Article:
• Fill a deep container or sink (highly recommended) with rainwater. Pond or aquarium water will also work. Don’t use regular tap water.
  • Submerge your air plants into the container or sink, and let them soak for at least 30 to 60 minutes.
  • Gently take the plants out and shake off excess moisture.
  • Lay each air plant on a paper towel or clean cloth for an hour to drain any leftover water. Alternatively, use a small fan at low settings to speed up the drying process.

Tip: Ensure you completely dry each air plant, as any moisture left behind may trigger leaf and root rot, or other issues.

The Misting Method

Misting an Air Plant

Follow these steps to water xeric air plants:

  • Fill a spray bottle with rainwater, or aquarium water.
  • Mist each air plant 2 to 3 times a week, covering the whole plant.
  • Ensure good air circulation around the plant so it dries out naturally.

Is It Better to Mist or Soak Air Plants? 

Both misting and soaking are two different watering techniques for air plants. Misting provides hydration and helps simulate your plant’s natural environment, and should be done 2-3 times a week. Speaking of soaking, it ensures thorough hydration and nutrient absorption. It works best if done periodically, about once a week, promoting overall air plant health.

How Often to Water Air Plants?

You should soak your air plants every week or every ten days. The best practice is to look for telltale signs, like wrinkled or curling leaves, to know if your plant is dehydrated and thirsty. To avoid these leaf issues, especially in dry climates, mist your Tillandsia plant between soaking sessions.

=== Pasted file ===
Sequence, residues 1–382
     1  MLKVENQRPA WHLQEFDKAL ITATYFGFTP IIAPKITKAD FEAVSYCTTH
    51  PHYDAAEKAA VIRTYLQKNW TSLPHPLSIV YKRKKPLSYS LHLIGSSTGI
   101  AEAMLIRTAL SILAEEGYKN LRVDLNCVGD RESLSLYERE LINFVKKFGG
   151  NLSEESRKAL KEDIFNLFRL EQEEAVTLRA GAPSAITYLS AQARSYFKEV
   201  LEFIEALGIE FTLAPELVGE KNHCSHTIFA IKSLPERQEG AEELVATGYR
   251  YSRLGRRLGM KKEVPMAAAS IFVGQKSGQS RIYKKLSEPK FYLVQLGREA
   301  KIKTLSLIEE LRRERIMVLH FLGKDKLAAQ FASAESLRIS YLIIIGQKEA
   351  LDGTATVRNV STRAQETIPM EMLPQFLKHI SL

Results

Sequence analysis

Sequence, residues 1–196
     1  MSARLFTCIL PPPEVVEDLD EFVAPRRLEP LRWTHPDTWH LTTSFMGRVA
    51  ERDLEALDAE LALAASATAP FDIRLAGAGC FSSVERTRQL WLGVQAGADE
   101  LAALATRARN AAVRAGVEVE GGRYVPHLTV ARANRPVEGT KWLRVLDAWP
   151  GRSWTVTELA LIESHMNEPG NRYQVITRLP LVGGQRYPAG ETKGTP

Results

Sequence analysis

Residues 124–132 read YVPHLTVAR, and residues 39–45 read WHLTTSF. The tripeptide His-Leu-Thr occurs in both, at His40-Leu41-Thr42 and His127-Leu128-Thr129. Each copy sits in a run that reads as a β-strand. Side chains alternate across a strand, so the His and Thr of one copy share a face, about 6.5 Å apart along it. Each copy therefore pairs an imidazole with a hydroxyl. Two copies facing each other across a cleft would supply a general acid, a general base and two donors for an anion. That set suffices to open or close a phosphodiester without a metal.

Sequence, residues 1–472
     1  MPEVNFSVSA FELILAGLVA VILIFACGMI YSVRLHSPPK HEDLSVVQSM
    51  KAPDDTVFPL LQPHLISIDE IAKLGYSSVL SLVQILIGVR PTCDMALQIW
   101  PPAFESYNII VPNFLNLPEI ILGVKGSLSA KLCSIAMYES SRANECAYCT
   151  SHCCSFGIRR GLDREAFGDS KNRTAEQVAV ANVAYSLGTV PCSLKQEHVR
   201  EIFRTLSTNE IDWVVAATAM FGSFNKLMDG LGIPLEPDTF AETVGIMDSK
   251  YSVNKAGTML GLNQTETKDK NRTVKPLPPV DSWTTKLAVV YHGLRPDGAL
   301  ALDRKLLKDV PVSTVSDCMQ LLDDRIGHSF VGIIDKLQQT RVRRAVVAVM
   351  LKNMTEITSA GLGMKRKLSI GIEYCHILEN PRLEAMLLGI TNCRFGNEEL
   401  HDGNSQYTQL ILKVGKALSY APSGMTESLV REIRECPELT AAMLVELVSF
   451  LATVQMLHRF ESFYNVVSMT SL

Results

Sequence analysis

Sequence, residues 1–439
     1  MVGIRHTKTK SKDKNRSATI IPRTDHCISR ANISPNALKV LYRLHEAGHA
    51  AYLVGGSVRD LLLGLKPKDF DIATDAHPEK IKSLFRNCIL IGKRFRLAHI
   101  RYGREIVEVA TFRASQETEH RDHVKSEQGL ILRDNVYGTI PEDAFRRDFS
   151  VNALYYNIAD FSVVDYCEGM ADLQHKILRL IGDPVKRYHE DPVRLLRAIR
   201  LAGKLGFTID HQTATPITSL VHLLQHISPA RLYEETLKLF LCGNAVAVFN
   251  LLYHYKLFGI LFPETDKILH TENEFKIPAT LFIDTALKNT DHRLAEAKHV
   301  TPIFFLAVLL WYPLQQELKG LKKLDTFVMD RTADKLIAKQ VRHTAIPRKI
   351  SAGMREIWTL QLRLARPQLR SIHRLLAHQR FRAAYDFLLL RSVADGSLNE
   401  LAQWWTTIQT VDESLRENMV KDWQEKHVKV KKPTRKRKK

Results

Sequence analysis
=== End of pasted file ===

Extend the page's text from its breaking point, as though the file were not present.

How Often Should I Mist an Air Plant?

You should mist an air plant at least 2 to 3 times a week to keep it hydrated. But there are some exceptions to this rule. Some air plant varieties, like the Spanish moss, should be sprayed more frequently, even daily.

Air Plants Watering Needs: Troubleshooting Tips & Best Practices

Air Plants Watering Needs

Beginner indoor gardeners may feel apprehensive when feeding and hydrating their Tillandsia plants. So, check out below some helpful troubleshooting tips and best practices for watering air plants:

Is Tap Water Safe for Air Plants?

No, tap water isn’t safe for air plants. It contains chlorine, which can potentially harm these plants. Chlorine-free rainwater, pond water, and aquarium water are the best alternatives.

How Do I Know If My Air Plant Is Overwatered?

Your air plant is overwatered if its base looks darker than usual. The roots may also appear mushy. Furthermore, the leaves may start to turn yellow or fall out. You should always dry your air plant completely after watering it.

What Happens If You Soak Air Plants Too Long?

Air plants, if soaked for too long, will start displaying signs of root rot. Since there will be no air circulation around the roots, the leaves will also darken due to the excess moisture absorption and you will find that they detach easily from the base of the plant.